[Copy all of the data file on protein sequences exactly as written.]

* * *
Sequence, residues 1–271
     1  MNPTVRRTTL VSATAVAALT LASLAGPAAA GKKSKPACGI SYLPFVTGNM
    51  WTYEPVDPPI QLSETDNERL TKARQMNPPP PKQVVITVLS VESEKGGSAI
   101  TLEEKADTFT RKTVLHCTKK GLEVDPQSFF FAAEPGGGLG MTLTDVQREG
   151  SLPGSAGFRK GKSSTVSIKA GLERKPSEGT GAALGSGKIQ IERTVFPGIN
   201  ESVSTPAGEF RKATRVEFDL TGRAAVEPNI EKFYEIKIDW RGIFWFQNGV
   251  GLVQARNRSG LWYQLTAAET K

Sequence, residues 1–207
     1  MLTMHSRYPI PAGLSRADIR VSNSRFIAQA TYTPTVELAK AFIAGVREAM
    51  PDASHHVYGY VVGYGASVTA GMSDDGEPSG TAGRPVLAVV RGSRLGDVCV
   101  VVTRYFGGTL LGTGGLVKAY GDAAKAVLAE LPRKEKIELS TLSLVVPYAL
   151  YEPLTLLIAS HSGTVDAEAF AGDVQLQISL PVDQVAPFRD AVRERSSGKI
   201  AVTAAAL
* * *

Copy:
Sequence, residues 1–271
     1  MNPTVRRTTL VSATAVAALT LASLAGPAAA GKKSKPACGI SYLPFVTGNM
    51  WTYEPVDPPI QLSETDNERL TKARQMNPPP PKQVVITVLS VESEKGGSAI
   101  TLEEKADTFT RKTVLHCTKK GLEVDPQSFF FAAEPGGGLG MTLTDVQREG
   151  SLPGSAGFRK GKSSTVSIKA GLERKPSEGT GAALGSGKIQ IERTVFPGIN
   201  ESVSTPAGEF RKATRVEFDL TGRAAVEPNI EKFYEIKIDW RGIFWFQNGV
   251  GLVQARNRSG LWYQLTAAET K

Sequence, residues 1–207
     1  MLTMHSRYPI PAGLSRADIR VSNSRFIAQA TYTPTVELAK AFIAGVREAM
    51  PDASHHVYGY VVGYGASVTA GMSDDGEPSG TAGRPVLAVV RGSRLGDVCV
   101  VVTRYFGGTL LGTGGLVKAY GDAAKAVLAE LPRKEKIELS TLSLVVPYAL
   151  YEPLTLLIAS HSGTVDAEAF AGDVQLQISL PVDQVAPFRD AVRERSSGKI
   201  AVTAAAL